A Virtual Extensibel LAN creates LAN segments by using an overlay approach with MAC-in-UDP encapsulation and a 24-bit segment identifier in the form of a VXLAN ID. The encapsulation carries the original Layer 2 (L2) frame from the Virtual Machine (VM) that is encapsulated from within the Virtual Ethernet Module (VEM). Each VEM is assigned a IP address that are used as the source IP address when encapsulating MAC frames to be sent on the network. You can have multiple vmknics per VEM that are used as sources for this encapsulated traffic. The encapsulation carries the VXLAN identifier used to scope the MAC address of the payload frame. The VXLAN ID to which a VM belongs is indicated within the port profile configuration of the vNIC and is applied when the VM connects to the network. A VXLAN supports three different modes for broadcast, multicast, and MAC distribution mode transport:
Multicast Mode— A VXLAN uses an IP multicast network to send broadcast, multicast, and unknown unicast flood frames. When a VM joins a VXLAN segment, the server joins a multicast group. Broadcast traffic from the VM is encapsulated and is sent using the multicast outer destination IP address to all the servers in the same multicast group. Subsequent unicast packets are encapsulated and unicast directly to the destination server without multicast IP address.
Unicast-only Mode— A VXLAN uses each VEM's single unicast IP address as the destination IP address to send broadcast, multicast, and unknown unicast flood frames. Broadcast traffic from the VM is replicated to each VEM by encapsulating it with a VXLAN header and the designated IP address as the outer destination IP address.
– MAC Distribution Mode(supported only in unicast mode)—In this mode, the unknown unicast flooding is reduced because the Virtual Supervisor Module (VSM) learns all the MAC addresses from the VEMs in all VXLANs and distributes those MAC addresses with VXLAN Tunnel Endpoint (VTEP) IP mappings to other VEMs.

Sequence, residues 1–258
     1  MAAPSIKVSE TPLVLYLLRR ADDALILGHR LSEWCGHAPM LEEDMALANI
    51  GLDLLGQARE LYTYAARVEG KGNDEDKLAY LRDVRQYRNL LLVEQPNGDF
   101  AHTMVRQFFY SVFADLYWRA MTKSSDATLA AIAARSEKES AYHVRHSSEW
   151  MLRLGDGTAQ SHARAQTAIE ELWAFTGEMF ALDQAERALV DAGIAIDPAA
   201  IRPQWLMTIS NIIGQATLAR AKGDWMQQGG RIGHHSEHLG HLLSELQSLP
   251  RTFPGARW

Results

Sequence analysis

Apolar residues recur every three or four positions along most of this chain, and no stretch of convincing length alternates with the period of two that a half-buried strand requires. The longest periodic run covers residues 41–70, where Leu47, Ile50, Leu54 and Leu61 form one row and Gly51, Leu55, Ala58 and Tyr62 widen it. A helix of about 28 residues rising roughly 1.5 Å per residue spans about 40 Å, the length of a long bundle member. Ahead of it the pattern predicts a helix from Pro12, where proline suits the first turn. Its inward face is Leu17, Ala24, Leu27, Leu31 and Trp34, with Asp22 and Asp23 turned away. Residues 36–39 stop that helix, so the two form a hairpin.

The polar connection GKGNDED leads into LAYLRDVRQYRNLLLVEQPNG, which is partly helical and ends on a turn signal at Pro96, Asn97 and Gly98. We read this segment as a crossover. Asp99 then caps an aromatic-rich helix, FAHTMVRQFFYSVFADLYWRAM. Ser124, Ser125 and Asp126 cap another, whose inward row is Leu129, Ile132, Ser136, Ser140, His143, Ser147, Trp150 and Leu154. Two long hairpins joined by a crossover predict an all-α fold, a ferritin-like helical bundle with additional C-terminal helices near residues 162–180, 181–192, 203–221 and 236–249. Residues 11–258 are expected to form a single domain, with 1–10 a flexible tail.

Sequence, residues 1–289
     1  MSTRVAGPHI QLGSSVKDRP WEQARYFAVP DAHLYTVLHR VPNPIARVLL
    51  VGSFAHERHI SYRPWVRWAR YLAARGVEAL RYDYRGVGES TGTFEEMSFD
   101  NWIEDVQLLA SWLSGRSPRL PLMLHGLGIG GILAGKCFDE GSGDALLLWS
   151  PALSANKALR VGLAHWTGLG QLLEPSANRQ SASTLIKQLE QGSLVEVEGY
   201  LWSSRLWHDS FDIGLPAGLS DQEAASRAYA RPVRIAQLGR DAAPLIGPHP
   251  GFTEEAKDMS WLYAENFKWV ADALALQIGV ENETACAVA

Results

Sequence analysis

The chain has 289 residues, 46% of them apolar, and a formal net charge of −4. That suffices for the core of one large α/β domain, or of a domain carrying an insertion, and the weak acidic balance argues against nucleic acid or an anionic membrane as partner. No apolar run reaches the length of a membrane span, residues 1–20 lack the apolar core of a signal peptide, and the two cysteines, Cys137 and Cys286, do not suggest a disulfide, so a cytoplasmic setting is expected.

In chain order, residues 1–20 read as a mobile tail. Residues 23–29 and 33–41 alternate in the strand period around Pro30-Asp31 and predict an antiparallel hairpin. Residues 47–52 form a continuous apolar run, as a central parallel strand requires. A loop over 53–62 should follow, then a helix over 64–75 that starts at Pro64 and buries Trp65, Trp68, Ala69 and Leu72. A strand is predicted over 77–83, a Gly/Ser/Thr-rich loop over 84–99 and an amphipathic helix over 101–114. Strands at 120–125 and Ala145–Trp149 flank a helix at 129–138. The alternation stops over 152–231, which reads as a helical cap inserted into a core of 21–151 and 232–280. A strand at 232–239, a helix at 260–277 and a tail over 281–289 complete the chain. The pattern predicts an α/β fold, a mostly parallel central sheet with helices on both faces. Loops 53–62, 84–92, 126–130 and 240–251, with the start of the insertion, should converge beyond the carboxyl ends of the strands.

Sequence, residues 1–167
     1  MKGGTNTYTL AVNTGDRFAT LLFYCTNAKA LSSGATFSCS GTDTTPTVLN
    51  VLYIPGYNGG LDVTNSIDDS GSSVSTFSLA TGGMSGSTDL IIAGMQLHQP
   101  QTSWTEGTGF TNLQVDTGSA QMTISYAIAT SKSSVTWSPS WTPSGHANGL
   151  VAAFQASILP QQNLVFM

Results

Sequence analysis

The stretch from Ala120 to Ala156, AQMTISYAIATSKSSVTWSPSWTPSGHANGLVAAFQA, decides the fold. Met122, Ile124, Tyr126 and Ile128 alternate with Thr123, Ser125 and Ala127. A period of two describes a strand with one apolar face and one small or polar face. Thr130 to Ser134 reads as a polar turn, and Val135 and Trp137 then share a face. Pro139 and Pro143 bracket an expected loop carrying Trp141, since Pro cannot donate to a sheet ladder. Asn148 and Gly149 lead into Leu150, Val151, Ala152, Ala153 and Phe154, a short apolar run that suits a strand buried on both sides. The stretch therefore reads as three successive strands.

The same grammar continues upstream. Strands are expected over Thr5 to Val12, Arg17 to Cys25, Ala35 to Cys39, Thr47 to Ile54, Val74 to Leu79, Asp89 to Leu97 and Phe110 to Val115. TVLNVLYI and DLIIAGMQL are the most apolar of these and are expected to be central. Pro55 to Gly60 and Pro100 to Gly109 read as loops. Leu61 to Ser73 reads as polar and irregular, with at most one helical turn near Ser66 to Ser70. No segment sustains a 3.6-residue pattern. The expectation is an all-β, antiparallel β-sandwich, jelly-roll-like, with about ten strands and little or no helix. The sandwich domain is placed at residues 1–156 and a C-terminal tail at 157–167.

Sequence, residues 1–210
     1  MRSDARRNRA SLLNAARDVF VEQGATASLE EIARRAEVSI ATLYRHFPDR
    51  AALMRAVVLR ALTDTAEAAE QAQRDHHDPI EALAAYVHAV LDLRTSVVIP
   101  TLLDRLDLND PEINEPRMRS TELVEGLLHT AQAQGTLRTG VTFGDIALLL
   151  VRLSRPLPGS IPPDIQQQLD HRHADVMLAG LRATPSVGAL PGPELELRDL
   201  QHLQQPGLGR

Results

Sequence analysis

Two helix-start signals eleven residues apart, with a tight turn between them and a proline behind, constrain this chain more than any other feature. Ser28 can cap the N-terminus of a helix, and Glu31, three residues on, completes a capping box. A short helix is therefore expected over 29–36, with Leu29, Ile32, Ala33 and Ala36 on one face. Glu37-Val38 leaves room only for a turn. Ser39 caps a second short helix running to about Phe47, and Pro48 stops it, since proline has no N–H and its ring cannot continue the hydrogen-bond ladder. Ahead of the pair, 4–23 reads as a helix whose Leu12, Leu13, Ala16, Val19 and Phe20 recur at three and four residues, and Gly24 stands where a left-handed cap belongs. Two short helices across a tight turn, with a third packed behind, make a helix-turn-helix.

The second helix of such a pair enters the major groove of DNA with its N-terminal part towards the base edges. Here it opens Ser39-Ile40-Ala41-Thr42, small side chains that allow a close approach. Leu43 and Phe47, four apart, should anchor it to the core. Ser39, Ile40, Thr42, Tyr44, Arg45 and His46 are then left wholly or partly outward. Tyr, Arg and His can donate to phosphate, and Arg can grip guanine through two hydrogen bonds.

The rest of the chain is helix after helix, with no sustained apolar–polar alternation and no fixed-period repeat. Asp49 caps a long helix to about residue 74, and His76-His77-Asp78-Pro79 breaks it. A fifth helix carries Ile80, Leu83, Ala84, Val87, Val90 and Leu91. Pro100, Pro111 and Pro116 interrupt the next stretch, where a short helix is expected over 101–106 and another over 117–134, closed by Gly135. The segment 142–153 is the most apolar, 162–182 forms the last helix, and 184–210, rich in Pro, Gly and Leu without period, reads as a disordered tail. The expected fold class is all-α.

The VXLAN creates LAN segments by using an overlay approach with MAC in IP encapsulation. The encapsulation carries the original Layer 2 (L2) frame from the Virtual Machine (VM) which is encapsulated from within the Virtual Ethernet Module (VEM). Each VEM is assigned an IP address which is used as the source IP address when encapsulating MAC frames to be sent on the network. You can have multiple vmknics per VEM that are used as sources for this encapsulated traffic. The encapsulation carries the VXLAN identifier which is used to scope the MAC address of the payload frame.
VXLAN Tunnel EndPoint
Each VEM requires at least one IP/MAC pair to terminate VXLAN packets. This IP/MAC address pair is known as the VXLAN Tunnel End Point (VTEP) IP/MAC addresses. The VEM supports IPv4 addressing for this purpose. The IP/MAC address that the VTEP uses is configured when you enter the capability vxlan command. You can have a maximum of four VTEPs in a single VEM.
One VTEP per VXLAN segment is designated to receive all broadcast, multicast, and unknown unicast flood traffic for the VEM.
When encapsulated traffic is destined to a VEM that is connected to different subnet, the VEM does not use the VMware host routing table. Instead, the VTEPs initiate the Address Resolution Protocol (ARP) for remote VEM IP addresses. If the VTEPs in the different VEMs are in different subnets, you must configure the upstream router to respond by using the Proxy ARP.